Sweeney, Smith, Greenstein Tours Trenton Biogas
The State’s First Large Scale Organic Recycling Facility
Trenton – Senate President Steve Sweeney and Senator Bob Smith toured Trenton Biogas today, getting a firsthand view of a clean energy facility that will convert organic waste from households and businesses into useful natural gas. The former sludge plant is being retrofitted as an “integrated bio-refinery” to recycle food waste and produce electrical power and agricultural nutrients.
It will be the first large-scale facility of its type in New Jersey, capable of turning 100,000 tons of food waste per year into environmentally-friendly energy.
“This is a smart and resourceful way to generate clean energy and reduce costs for local governments and their residents,” said Senator Sweeney (D-Gloucester/Salem/Cumberland). “Adopting new technologies to serve the needs of the public is an important part of creating jobs, expanding the state’s economic abilities and improving our environmental sustainability.”
Trenton Biogas has a lease-purchase agreement to take over the former sludge plant from Trenton, Hamilton, Ewing and Lawrence, which jointly own the site. With the capacity to recycle more than 100,000 tons of food waste each year, and with highly competitive disposal fees, Biogas is preparing to offer an outlet for food waste that has not existed in New Jersey. Trenton Biogas has already saved hundreds of thousands of dollars of expenses for these municipalities as well as Mercer County by taking over the property.
“The Biogas facility is the first step in filling a massive void in New Jersey,” said Senator Smith (D-Middlesex/Somerset). “I look forward to the facility opening and I hope it inspires the creation of more bio-refineries around the state. As climate change continues to progress it is more important than ever that we invest in alternative forms of energy.”
“We have already seen what climate change is doing to New Jersey,” said Senator Greenstein (D-Mercer/Middlesex). “We need to approach the issue from every angle and this facility is an innovative way of diversifying our energy grid and lowering our dependency on fossil fuels for electricity. I hope we can see many more of these built in our state and around the country.”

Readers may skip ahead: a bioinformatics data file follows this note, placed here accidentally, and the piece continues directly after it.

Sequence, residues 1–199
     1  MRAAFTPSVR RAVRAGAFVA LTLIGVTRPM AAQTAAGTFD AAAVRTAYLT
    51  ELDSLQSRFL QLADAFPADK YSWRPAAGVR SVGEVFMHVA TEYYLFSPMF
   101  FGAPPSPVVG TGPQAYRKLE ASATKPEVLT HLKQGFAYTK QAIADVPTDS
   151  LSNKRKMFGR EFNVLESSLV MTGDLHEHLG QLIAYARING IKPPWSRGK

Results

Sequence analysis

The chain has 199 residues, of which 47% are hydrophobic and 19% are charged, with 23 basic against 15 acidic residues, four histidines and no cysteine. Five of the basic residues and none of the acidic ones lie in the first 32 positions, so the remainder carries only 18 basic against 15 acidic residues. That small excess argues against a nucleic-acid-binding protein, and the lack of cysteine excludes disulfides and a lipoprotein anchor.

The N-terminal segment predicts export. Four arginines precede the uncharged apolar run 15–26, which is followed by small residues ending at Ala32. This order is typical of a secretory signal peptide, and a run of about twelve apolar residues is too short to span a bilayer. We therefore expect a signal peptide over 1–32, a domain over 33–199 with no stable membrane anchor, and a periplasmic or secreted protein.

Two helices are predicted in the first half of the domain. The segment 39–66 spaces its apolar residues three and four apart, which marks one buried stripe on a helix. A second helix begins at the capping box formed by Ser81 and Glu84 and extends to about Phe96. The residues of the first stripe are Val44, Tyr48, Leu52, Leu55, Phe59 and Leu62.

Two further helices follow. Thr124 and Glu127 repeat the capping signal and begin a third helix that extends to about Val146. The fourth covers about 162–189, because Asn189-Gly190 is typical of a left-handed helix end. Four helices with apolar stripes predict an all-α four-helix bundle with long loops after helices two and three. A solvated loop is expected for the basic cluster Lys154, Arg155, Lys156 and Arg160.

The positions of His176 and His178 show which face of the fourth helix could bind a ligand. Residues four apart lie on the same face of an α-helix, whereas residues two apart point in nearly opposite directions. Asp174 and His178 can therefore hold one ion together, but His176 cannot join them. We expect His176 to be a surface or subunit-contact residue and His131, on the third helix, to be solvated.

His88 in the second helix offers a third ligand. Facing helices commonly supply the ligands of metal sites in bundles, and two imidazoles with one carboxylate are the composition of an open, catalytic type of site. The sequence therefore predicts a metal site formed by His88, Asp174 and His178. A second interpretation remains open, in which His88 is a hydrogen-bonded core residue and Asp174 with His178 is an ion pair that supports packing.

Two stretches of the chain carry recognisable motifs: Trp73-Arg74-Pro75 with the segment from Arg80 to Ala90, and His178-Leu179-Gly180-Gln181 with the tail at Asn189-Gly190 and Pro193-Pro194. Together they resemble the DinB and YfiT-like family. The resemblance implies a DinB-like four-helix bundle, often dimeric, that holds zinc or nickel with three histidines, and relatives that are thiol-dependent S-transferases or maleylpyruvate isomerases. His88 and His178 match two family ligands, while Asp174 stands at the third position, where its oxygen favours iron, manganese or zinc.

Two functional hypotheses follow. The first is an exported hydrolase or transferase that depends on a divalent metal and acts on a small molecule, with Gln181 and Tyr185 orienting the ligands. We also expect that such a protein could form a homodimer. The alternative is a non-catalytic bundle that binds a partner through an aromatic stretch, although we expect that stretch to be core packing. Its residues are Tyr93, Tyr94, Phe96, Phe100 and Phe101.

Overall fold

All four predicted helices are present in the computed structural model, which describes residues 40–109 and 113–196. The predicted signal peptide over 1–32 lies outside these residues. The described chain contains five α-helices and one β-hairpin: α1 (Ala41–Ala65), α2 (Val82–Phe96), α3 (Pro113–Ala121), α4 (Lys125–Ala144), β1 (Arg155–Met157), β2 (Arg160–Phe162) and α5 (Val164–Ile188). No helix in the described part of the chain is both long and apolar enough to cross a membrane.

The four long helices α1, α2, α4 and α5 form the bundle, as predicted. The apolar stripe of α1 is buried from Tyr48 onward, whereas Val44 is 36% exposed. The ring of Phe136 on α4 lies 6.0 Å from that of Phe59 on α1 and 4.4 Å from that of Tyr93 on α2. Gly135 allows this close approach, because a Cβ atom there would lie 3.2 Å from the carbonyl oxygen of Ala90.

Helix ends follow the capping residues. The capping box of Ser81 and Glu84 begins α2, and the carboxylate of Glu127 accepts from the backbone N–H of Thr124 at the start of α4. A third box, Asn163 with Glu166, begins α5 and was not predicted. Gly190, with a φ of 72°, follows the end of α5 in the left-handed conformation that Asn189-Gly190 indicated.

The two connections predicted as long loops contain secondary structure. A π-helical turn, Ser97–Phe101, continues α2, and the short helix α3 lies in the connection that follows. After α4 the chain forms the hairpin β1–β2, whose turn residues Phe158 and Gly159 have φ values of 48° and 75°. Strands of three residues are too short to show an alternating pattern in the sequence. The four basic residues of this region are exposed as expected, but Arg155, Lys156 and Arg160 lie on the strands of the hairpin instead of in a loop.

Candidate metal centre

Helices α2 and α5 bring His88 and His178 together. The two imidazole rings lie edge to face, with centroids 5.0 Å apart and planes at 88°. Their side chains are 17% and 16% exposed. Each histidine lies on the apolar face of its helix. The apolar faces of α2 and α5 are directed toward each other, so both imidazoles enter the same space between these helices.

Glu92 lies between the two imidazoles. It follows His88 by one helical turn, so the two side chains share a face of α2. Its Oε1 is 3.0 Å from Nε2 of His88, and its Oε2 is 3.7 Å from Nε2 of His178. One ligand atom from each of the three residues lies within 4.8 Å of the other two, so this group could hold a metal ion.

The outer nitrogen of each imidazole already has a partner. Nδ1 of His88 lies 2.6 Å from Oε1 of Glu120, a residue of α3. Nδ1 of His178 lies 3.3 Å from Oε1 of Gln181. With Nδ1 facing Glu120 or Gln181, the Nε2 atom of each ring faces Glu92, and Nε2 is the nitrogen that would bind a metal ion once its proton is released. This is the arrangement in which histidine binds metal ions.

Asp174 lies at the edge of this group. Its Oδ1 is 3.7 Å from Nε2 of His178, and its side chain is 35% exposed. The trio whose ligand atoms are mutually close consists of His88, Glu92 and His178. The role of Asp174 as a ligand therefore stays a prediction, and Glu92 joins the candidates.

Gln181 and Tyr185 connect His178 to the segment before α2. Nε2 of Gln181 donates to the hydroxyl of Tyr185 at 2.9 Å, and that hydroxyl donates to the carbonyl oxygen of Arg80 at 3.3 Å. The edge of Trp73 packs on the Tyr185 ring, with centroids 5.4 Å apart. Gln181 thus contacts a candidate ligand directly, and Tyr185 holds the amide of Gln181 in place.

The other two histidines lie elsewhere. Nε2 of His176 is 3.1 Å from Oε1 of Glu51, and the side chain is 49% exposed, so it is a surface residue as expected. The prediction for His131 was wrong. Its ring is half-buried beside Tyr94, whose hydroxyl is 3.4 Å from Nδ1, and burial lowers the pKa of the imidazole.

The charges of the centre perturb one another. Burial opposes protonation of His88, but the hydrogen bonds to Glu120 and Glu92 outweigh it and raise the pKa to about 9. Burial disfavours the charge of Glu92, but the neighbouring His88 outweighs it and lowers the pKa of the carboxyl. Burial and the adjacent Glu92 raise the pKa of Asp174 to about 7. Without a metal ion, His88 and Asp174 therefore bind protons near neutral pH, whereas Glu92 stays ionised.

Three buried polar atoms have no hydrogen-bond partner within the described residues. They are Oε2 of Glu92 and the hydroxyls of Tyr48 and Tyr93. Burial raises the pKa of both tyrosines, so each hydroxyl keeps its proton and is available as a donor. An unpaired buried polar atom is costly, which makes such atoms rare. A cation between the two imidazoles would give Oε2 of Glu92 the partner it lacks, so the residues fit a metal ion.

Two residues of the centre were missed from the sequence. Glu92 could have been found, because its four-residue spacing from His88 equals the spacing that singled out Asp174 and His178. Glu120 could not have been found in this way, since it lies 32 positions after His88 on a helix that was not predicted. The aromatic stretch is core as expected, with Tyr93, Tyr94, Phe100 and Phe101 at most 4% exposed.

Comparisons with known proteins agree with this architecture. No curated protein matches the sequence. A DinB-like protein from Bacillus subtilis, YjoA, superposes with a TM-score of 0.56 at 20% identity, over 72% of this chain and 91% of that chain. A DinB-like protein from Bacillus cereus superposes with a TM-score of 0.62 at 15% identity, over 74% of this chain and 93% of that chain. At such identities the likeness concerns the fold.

The availability of the facility could make it more appealing for local towns and businesses that produce large amounts of food waste to separate it from their normal trash stream. Towns and institutions currently pay significant fees on the waste they send to distant landfills but will now be able to make use of Trenton Biogas to lower their disposal costs.
“This is a highly efficient system for converting organic waste from households and businesses into useful methane gas, in order to produce electricity with reduced amounts of carbon,” said Peter Joseph, Chairman of Trenton Biogas. “This will help communities in Mercer County reduce disposal costs in an environmentally-friendly way by making use of new technologies.”
More than 1.5 million tons of food waste is generated annually in New Jersey. Much of it is shipped out of state, which imposes costs on municipalities and counties. The organic waste includes everything from potato peelings and dinner plate scraps to restaurant leftovers and the produce that spoils in local supermarkets.
Capturing methane by converting organic waste in a way that allows it to be used as a fuel is a tremendous benefit in reducing greenhouse gas emissions. Methane is used as a fuel for ovens, homes, water heaters, kilns, automobiles, turbines, and other things. Compared to other hydrocarbon fuels, methane produces less carbon dioxide for each unit of heat released.
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